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THE ORDINANCE OF 1787

ADDRESS OF HON. CYRUS G. LUCE

It was largely to establish this principle that the war of the rebellion was fought, so that, in this respect, the adoption of the ordinance of 1787 formed an im-portant epoch in our history. In all things that relate to good government and the welfare of our people its importance can hardly be over estimated. Article III. declares that '"general morality and knowledge, being neces-sary to the good of a government and the happiness of mankind, schools and the means of education shall forever be encouraged. " A hundred years ago, the men who framed and adopted this ordinance conceived the necessity of morality and education, as the underlying strength of a republic, and expressed it as forcibly and concisely as the most learned patriot of to-day can do. Again, they declared that "the inhabitants of said territory shall always be entitled to the benefits of the writ of habeas corpus, of a trial by jury, of a proportionate representation of the people in the legislature and of judicial proceedings according to the course of common law. No cruel or unjust punishment shall be inflicted, no man shall be deprived of his liberty, or his property, but by the judgment of his peers or the law of the land. " That was good law, good patriotism and essential to the preservation of the freedom of the people and the enjoyment of civil liberty a hundred years ago, and is equally so to-day. The far seeing legislators of that period declared that no tax shall be imposed on lands the property of the United States, and in no case shall non-residents be taxed higher than residents. They seemed to have anticipated many of the conflicts which have from time to time arisen, many of the notions and purposes which have to some extent prevailed in later years and in a more advanced civilization.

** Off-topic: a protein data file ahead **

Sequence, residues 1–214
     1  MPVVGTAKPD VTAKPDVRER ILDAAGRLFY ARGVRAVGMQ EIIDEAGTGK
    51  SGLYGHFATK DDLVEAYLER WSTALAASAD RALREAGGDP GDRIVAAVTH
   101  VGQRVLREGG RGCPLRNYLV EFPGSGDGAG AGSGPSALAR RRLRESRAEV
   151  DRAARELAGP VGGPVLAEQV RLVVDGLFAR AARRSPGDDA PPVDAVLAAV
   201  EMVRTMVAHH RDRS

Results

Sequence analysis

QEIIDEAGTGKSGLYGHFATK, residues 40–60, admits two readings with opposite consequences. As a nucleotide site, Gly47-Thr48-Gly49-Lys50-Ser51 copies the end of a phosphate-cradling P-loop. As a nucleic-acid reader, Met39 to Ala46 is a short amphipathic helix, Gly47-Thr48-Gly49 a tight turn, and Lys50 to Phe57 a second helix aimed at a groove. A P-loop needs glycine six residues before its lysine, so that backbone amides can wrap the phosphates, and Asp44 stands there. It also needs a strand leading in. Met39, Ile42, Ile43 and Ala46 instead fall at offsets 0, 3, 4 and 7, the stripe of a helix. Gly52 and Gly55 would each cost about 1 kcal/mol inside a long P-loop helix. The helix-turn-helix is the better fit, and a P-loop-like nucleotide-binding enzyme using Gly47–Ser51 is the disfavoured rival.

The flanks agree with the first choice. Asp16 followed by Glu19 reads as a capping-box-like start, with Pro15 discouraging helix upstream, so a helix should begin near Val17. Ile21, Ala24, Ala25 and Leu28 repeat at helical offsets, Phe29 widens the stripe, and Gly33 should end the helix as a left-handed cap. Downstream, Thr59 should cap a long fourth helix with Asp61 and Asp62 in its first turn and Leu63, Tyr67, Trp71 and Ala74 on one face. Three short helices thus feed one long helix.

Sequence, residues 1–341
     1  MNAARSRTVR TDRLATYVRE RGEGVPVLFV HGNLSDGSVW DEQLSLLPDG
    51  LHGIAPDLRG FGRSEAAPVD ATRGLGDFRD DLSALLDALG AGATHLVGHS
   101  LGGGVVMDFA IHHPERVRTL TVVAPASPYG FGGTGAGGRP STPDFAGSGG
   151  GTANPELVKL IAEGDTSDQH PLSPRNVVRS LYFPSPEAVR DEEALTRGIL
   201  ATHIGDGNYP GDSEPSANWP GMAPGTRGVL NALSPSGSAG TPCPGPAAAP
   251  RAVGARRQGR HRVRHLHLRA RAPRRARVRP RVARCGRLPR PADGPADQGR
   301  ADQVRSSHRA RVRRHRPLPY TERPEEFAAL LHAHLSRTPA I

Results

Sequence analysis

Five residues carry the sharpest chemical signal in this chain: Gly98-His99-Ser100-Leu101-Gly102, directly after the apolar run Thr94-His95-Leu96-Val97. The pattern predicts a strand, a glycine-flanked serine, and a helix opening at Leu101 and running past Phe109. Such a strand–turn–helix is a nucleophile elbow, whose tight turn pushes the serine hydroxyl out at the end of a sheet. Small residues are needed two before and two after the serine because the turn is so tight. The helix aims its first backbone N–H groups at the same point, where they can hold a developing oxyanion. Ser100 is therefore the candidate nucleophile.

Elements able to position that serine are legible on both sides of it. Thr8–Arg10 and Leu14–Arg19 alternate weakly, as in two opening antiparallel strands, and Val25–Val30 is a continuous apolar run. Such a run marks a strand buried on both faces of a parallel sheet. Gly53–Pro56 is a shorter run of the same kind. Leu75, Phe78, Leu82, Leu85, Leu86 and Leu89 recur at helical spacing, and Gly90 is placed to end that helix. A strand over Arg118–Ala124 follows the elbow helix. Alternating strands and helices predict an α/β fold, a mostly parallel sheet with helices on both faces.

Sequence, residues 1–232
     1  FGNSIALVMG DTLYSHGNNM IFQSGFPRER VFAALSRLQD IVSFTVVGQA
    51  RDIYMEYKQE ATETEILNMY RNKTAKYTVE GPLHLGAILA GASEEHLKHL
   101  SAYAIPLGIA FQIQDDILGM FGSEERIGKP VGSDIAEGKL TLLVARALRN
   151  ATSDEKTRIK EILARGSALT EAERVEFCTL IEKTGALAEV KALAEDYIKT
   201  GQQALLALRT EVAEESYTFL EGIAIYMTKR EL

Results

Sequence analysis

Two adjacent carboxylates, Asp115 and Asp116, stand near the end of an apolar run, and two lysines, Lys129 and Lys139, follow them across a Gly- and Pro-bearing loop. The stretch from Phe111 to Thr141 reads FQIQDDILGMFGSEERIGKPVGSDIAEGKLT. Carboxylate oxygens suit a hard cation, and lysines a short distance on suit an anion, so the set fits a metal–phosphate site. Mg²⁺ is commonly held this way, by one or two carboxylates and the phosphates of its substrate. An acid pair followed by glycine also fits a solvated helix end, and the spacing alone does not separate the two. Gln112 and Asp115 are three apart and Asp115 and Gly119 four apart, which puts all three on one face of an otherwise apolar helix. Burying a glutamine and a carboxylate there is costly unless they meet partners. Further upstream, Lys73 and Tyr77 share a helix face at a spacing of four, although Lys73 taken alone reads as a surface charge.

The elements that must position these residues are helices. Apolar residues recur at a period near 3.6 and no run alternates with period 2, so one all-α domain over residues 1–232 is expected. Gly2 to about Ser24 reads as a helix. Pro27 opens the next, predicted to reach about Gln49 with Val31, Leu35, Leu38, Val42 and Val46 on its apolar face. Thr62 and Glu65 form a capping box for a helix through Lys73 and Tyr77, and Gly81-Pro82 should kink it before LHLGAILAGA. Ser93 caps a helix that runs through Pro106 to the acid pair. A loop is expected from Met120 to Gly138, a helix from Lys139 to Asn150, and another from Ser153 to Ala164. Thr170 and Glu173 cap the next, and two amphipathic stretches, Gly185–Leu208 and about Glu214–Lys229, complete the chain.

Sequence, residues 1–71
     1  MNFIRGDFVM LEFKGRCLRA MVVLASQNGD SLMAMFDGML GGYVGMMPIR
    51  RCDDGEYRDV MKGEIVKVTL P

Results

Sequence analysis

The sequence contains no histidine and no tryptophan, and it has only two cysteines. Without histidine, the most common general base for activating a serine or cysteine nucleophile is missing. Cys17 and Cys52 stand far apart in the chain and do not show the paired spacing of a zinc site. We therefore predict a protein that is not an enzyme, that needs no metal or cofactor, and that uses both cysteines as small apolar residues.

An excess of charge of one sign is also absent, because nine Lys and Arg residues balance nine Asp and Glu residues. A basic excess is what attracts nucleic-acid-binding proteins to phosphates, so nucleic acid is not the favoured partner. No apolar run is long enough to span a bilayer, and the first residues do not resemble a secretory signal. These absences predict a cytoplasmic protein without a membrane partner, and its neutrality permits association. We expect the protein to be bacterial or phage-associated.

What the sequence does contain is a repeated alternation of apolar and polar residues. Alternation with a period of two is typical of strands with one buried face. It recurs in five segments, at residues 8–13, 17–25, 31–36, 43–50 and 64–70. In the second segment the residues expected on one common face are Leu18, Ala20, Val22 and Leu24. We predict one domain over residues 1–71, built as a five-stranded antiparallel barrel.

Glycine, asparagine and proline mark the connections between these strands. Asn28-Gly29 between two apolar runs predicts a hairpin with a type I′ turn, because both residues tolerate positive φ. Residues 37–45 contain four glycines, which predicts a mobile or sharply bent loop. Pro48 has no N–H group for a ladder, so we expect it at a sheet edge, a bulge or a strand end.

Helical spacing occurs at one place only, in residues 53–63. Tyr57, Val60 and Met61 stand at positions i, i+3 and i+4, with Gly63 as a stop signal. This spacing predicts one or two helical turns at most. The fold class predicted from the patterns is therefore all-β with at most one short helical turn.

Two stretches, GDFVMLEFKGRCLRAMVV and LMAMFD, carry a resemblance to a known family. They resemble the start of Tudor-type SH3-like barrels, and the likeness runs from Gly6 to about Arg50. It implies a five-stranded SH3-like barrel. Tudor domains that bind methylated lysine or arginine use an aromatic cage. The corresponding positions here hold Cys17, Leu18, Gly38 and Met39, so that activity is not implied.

Michigan


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